The disadvantages of an uncovered reservoir described in the
section on `Water Quality Considerations' can be overcome by
spanning the basin with a reinforced concrete slab or
metal roof. Other
types of covers or methods of evaporation
control include: (1)
reinforced synthetic rubber supported on
foam floats, (2) polyethylene sheets, and (3) ultra-thin
of long-chain alcohols.
The alcohols are, however, subject to
dispersion by wind and waves.
One variation of the earthen basin is that, instead of being
uncovered, the basin is filled with uniformly sized sand and
as an artificial aquifer (water-bearing formation).
occupies between 30 and 40 percent of the volume of the
and purification takes place as the liquid filters through
sand. A gravel mulch
layer on top of the sand enhances the
operation of the artificial aquifer by improving percolation
rainwater (recharge characteristics) and suppressing
(*) See Methods of Creating Low-Cost Waterproof Membranes
for Use in
the Construction of Rainwater Catchment and Storage Systems
Smaller artificial aquifers storing less than 25,000 gallons
probably easier to design and construct.
contamination, such a system must be managed carefully, or
likely to be used for irrigation or stock watering.
Several types of steel tanks are available.
For small volumes, 1
cubic meter or so, round corrugated steel or square sheet
(often used as internal roof tanks) tanks, galvanized and
cover may be used.
These are often available from stock at
For larger volumes up to several hundred cubic meters, steel
tanks are usually prefabricated in a factory, transported in
sections and erected on site.
The segments are welded or bolted
together; this works best if it is done by the supplier as
of his duties in case it subsequently leaks.
Welded tanks are
often circular or have more complicated shapes.
They require an
experienced construction crew and skilled welders for a
job. Bolted segment
tanks can be erected by an experienced
crew under the direction of an experienced foreman who can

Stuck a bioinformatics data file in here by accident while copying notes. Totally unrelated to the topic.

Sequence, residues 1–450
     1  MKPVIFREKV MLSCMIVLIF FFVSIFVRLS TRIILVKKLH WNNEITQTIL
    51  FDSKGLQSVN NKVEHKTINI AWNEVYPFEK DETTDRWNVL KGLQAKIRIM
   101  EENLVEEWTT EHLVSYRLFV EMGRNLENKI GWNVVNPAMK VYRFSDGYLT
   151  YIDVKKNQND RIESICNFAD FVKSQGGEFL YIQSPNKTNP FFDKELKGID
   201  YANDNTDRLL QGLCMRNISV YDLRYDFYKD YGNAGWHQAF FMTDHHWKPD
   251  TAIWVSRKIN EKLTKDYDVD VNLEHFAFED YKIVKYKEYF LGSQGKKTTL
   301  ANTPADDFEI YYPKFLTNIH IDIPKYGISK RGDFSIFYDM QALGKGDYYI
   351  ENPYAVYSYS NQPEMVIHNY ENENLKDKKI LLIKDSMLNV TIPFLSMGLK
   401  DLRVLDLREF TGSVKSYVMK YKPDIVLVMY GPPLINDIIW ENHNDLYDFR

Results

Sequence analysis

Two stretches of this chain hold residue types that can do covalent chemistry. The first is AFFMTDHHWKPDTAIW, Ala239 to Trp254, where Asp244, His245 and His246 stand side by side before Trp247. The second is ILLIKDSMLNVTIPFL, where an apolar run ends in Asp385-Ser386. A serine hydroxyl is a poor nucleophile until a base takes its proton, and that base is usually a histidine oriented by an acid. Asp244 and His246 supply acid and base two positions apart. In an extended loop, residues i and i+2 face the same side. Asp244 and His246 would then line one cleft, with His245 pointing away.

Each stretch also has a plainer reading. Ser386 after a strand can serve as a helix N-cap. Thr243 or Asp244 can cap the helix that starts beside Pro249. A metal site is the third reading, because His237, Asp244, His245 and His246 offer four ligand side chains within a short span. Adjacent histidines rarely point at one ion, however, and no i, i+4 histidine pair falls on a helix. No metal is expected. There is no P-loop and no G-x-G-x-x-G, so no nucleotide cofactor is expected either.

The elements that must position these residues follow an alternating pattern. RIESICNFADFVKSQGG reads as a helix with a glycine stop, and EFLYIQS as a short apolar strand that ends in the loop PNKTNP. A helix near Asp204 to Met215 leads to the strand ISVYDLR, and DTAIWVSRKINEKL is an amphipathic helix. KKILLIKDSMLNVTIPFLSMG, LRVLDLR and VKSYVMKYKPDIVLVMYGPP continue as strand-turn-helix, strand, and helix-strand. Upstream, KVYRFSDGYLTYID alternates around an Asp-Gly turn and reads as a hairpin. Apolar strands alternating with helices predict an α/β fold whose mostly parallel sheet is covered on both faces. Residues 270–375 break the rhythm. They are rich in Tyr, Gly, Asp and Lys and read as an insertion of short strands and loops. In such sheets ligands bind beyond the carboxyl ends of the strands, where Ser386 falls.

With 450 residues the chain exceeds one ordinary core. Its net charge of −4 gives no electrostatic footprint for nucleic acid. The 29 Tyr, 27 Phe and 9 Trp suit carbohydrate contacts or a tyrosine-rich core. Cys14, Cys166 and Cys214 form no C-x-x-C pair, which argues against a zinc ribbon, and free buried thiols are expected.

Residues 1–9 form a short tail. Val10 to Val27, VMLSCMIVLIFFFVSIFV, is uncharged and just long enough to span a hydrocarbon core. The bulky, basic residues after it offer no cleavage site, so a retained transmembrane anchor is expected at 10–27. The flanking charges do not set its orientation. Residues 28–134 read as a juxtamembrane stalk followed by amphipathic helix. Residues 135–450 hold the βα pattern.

be provided by the manufacturer.
Although the cost of steel
tanks may appear high, they can often be transported in one
truckload and become competitive when transport costs are
They come in standard size increments, and can be
arranged to fit almost any requirement.
They are relatively easy
to construct as elevated tanks, either on a steel tower
as part of the arrangement, or on masonry pillars or walls.
Steel tanks tend to corrode, especially if storing rainwater
slightly saline water, or if subject to a salty atmosphere
sand-laden winds that wear away paintwork.
A chemist or
competent water engineer can advise on how corrosive your
is likely to be.
Simple precautions, such as raising the tank a
few centimeters off damp ground, careful choice of metal
and careful installation, and painting the inside and
significantly lengthen tank life. (*)
Silica glass-coated metal panels that are bolted together
the periodic maintenance requirements.
These structures are
not suitable for placement below the ground, however.
(*)The publication "AWWA Standard D-100-79 for Welded
Storage Tanks," issued by the American Water Works
1979, sets forth the requirements for welded steel tanks
Steel grain storage bins have been converted to water tanks
PVC or other artificial liners.
A variety of woods, including cypress, fir, pine, and
have been used for water storage structures.
One such commercially
available tank is made of staves with tongue-and-groove
joints that are held together by galvanized or
steel tension hoops around the circumference.
Like concrete, the
wooden tanks do not require special maintenance, although
average life span is shorter.
If wood preservations are used,
they must not contain any toxic chemicals.
Fiberglass and Plastic
Man-made materials such as fiberglass or plastic can also be
in the construction of water storage tanks.
However, these tanks
are usually installed only on a very small scale.
Plastic, fiberglass, and various combinations are used to
bolted sectional tanks similar to steel tanks.
can be repaired if suitable resins and fiberglass can be
obtained, or, as with steel segment-bolted tanks, a complete
segment can be replaced.
Small plastic tanks up to about 2 cubic meters made of
or poly vinyl chloride are available.
They are light and
easily handled, but are also easily damaged and difficult to
They may become brittle if exposed to light/sun
and therefore should only be installed indoors.
When substandard construction or lack of the proper
results in a tank that is not watertight, liners made from
vinyl, asphalt, or other materials that will resist leakage
be applied to the inside.
Care must be taken that any such
materials are safe for drinking water applications.
local supplier of construction materials or the ministry
with water supply or public health should be asked for
Cisterns are used to catch and store rainwater.
duction of an individualized water storage technology may be
should be covered to reduce evaporation and
prevent entry of animals and debris.
And since water quality is
also an important consideration, it may be practical to filter
the water leaving the storage reservoir after a lengthy
impermeable surface collecting precipitation (often
the roof of a house) must be kept clean, or provision made
bypass initial flows around the storage cistern.
water should be extracted from the cistern using a pump or